Russian laser

A new Russian laser facility with a good reputation is called Kalina. This is intended to dazzle and temporarily blind the satellite’s optical sensors gathering information overhead. Similar to his LAIRCM in the US, blinding light requires saturating the sensor with enough light to render it non-functional. To achieve this goal, a sufficient amount of light must be accurately delivered to the satellite sensors. Given the very long distances and the fact that the laser beam must first pass through the Earth’s atmosphere, this is not an easy task.

Pointing lasers precisely into the far reaches of space is nothing new. For example, his 1971 NASA Apollo 15 mission placed a meter-sized reflector on the Moon. This reflector is targeted by lasers on Earth and provides location information. Providing sufficient photons over long distances comes down to the laser power level and its optical system.

Kalina reportedly operates in infrared pulsed mode, producing about 1,000 joules per square centimeter. By comparison, pulsed lasers used in retinal surgery are only about 1/10,000th the power. Kalina delivers most of the photons it produces over the long distances the satellite orbits overhead. This is possible because lasers form highly collimated beams. In other words, the photons travel parallel, so the beam does not diverge. Carina uses a telescope several meters in diameter to focus the beam.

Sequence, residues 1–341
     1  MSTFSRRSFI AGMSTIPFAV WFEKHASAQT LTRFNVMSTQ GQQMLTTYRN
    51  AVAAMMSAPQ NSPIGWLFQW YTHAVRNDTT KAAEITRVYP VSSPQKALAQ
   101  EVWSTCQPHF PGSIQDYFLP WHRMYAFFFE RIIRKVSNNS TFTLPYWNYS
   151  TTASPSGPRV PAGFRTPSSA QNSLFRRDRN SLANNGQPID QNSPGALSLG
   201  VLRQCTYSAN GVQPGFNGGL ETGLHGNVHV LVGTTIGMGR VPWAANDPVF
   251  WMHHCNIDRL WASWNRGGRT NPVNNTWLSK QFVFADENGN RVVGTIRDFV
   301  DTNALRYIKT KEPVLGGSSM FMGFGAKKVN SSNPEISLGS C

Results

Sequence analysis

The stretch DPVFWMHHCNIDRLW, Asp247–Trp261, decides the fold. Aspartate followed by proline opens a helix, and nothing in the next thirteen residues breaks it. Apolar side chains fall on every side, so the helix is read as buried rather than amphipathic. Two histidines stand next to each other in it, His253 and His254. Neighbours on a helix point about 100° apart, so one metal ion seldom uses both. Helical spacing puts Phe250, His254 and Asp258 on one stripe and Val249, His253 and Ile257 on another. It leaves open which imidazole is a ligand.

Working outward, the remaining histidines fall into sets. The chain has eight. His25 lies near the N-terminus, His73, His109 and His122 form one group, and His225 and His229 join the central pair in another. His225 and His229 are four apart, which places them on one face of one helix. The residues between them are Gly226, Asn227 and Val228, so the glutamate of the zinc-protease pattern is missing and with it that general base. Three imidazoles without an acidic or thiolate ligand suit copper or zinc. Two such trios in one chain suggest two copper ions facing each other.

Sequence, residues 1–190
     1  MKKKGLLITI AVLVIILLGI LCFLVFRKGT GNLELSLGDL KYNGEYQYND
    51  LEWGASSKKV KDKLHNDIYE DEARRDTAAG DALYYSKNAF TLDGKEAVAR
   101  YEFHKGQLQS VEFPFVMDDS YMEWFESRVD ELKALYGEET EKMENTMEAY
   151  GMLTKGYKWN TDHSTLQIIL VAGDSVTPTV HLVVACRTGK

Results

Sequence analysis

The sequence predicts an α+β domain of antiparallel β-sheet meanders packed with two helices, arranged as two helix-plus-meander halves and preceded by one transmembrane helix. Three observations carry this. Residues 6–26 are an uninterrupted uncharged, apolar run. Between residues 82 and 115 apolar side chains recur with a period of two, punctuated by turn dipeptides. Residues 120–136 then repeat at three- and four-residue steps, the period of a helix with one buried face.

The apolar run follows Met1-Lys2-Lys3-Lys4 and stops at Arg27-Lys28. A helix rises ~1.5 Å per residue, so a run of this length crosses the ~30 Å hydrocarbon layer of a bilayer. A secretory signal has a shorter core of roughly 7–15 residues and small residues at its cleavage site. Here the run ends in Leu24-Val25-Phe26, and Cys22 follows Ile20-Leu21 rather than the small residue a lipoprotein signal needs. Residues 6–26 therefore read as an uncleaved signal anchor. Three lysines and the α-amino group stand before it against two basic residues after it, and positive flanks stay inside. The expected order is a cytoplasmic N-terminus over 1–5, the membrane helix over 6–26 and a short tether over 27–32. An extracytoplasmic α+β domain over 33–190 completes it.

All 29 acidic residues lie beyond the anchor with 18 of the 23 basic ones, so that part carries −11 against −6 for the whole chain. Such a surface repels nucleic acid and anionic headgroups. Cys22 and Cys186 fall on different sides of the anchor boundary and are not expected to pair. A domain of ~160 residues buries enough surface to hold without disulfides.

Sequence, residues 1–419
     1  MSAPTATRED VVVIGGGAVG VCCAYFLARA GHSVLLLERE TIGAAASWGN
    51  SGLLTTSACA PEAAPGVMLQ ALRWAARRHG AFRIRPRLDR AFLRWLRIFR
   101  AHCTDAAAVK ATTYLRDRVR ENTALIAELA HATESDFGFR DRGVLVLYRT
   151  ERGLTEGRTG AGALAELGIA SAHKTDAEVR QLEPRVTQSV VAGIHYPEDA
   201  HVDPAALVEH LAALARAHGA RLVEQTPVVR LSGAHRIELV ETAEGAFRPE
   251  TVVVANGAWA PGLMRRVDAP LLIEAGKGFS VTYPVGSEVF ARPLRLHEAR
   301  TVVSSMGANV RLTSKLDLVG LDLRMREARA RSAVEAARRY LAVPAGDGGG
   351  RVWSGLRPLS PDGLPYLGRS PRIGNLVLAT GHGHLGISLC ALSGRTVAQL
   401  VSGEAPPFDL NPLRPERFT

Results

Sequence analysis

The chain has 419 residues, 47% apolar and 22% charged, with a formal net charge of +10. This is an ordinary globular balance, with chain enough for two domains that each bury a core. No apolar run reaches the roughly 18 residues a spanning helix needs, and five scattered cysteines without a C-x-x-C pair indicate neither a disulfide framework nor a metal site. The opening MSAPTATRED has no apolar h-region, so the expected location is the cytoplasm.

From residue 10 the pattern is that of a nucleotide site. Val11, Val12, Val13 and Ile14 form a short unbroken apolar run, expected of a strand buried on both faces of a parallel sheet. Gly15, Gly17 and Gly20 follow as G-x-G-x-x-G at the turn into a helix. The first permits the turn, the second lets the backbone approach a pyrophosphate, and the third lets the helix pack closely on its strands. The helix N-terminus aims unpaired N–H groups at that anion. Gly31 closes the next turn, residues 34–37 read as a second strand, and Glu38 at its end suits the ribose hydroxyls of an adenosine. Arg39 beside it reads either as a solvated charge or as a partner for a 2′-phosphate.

Spy satellites that use optical sensors tend to operate in low earth orbit at altitudes of hundreds of kilometers. It usually takes several minutes for these satellites to pass a particular point on the surface of the earth. This requires Kalina to be able to operate continuously for that period of time while maintaining a permanent track with its optical sensor. These functions are performed by the telescope system.

Based on reported telescope details, Kalina can target overhead satellites with paths of hundreds of miles. It will be possible to protect against information gathering by optical sensors. 40,000 square miles is roughly the size of Kentucky.

Russia claims to have deployed a less capable truck-mounted laser dazzle system called Peresvet in 2019. However, there is no confirmation that it was used successfully.

Laser power levels will likely continue to increase, and beyond the temporary glare effect, can permanently damage the sensor’s imaging hardware. Although the development of laser technology is heading in that direction, the use of such lasers has important policy considerations. Permanent destruction of space-based sensors by nation states could be viewed as an act of aggression leading to rapid escalation of tensions.

cosmic laser

An even bigger concern is the potential deployment of laser weapons into space. Such a system would be very effective as the target range would likely be significantly reduced and there would be no atmosphere to weaken the beam. The power levels required for space-based lasers to seriously damage a spacecraft are greatly reduced compared to ground-based systems.

Additionally, space-based lasers can be used to target satellites by pointing the lasers at propellant tanks and power systems. This completely disables the spacecraft if damaged.

As technology continues to advance, the use of laser weapons in space becomes more likely. The question looks like this: What are the results?conversation

Iain Boyd, Professor of Aerospace Engineering Science, University of Colorado Boulder

This article is reprinted from The Conversation under a Creative Commons license. Please read the original article.